8.0068 Encoding Question: Orthography and Palaeography (1/58)

Tue, 21 Jun 1994 22:57:22 EDT

Humanist Discussion Group, Vol. 8, No. 0068. Tuesday, 21 Jun 1994.

Date: Fri, 17 Jun 1994 12:25:06 -0400 (EDT)
From: David J Birnbaum <djbpitt+@pitt.edu>
Subject: Orthography and Palaeography

I am currently elaborating an inventory of early Cyrillic characters
needed for electronic text processing, for which I am trying to
distinguish characters (informational units) from glyphs (presentational
units). As a modern example, changing letters means changing characters,
while changing typefaces means changing glyphs. My encoding should
represent all character information, but should exclude glyphic

>From a manuscript perspective, I would like to say that items of
orthographic interest (pertaining to the distribution of signs) are
character data, while items of palaoegraphic interest (pertaining to
variation in the shapes that may represent the same sign) are glyph level.
But individual decisions turn out to be subjective: if I think the scribe
knew that two signs were different, I regard them as characters, while if
he didn't, they are glyphs.

The equation of characters and letters of the alphabet is tempting, but it
doesn't provide sufficient granularity, since certain units that are not
considered independent letters are nonetheless traditional objects of
orthographic study. For example, some Slavic manuscripts distinguish
narrow and broad omicron (in addition to omega, and sometimes other o-type
letters), and their distribution can be orthographically (and even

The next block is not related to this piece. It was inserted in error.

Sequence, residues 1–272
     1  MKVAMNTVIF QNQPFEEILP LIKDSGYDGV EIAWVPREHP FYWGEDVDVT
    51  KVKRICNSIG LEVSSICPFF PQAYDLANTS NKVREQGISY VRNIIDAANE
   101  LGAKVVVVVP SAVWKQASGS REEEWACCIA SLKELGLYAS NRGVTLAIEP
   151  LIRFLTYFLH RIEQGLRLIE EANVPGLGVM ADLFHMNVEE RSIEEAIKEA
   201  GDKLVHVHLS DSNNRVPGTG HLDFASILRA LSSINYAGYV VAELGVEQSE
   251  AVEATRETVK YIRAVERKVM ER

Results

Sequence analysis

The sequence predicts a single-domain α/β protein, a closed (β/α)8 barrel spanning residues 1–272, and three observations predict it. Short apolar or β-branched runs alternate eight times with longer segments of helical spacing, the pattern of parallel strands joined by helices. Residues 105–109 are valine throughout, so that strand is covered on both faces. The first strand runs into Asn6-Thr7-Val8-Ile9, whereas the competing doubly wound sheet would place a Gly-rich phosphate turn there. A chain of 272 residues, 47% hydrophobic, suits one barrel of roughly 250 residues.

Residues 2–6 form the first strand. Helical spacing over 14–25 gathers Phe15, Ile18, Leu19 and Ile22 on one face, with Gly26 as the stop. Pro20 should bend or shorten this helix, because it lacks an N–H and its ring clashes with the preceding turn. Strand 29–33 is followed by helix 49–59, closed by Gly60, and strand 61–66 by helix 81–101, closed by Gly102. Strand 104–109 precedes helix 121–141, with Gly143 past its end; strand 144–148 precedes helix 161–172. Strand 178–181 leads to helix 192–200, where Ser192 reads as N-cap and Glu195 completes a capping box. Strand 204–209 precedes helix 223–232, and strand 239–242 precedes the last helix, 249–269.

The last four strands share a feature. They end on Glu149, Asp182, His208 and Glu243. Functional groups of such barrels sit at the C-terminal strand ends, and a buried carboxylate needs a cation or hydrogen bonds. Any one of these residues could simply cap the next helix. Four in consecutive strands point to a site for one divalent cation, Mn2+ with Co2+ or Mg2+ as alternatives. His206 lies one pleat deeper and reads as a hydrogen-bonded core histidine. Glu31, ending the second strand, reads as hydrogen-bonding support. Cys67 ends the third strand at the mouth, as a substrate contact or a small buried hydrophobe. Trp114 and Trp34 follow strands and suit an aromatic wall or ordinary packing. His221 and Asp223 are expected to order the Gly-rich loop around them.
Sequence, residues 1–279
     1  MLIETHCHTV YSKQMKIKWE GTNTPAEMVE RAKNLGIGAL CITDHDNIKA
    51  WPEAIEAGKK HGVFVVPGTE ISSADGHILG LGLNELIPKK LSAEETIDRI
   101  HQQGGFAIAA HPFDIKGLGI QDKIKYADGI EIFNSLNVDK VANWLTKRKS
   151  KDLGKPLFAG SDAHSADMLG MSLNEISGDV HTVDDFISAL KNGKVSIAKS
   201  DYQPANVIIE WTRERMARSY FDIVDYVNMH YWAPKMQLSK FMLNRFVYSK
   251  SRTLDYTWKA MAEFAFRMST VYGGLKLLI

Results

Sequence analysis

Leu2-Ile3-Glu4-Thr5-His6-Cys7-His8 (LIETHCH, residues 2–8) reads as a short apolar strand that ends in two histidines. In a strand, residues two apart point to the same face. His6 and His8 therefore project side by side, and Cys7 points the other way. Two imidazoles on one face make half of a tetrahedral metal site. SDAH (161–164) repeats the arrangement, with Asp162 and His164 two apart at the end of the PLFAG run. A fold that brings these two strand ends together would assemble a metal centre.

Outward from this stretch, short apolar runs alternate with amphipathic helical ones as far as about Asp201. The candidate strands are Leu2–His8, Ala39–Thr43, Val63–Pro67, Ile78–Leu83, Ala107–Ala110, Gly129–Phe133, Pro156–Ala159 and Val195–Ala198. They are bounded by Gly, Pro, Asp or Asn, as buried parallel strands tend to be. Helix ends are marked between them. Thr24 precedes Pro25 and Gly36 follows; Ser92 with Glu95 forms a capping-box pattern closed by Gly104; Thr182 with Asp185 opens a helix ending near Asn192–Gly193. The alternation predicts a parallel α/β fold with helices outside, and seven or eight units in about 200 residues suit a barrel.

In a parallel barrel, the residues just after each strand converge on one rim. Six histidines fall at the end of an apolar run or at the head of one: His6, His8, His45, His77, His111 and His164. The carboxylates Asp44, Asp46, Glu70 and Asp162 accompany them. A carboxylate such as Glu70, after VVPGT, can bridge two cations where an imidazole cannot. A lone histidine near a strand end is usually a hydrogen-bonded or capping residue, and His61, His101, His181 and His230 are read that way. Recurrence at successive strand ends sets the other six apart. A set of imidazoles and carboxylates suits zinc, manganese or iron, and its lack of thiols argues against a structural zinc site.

linguistically) significant. Yet narrow and broad omicron have never been
considered separate letters of the alphabet.

The comparison to phonemes (= characters) and phones (= glyphs) is also
seductive, but characters don't necessarily influence meaning. For
example, medieval Slavic manuscripts traditionally spell the sound [u] as
either a single <u> letter or an <ou> digraph. Their distribution is
sometimes governed by orthographic rules (e.g., write <ou> at the
beginning of a word and <u> elsewhere), and the rules are not always
carried out with complete regularity. One thing Slavic philologists study
is the orthographic norms of individual manuscripts and the deviations
from these norms, which means that unifying <u> and <ou> as a single
character during input would prohibit such analysis.

I should add that I'm not talking about font design: fonts are inventories
of glyphs, not of characters. (For example, the English ff ligature is a
glyph but not a character. I would expect an early Cyrillic font to
contain many more symbols than an early Cyrillic character set.)

One can most safely err on the side of overinclusion (and normalize during
analysis, rather than input), but I'd like to avoid that if possible. Has
anyone tackled a similar problem who can offer some guidance?

(For more information on character / glyph differences, interested persons
may consult "The Unicode Standard," volume 1, Reading: Addison-Wesley,
1991, ISBN 0-201-56788-1.)



Professor David J. Birnbaum djbpitt+@pitt.edu
The Royal York Apartments, #802
3955 Bigelow Boulevard voice: 1-412-687-4653
Pittsburgh, PA 15213 USA fax: 1-412-624-9714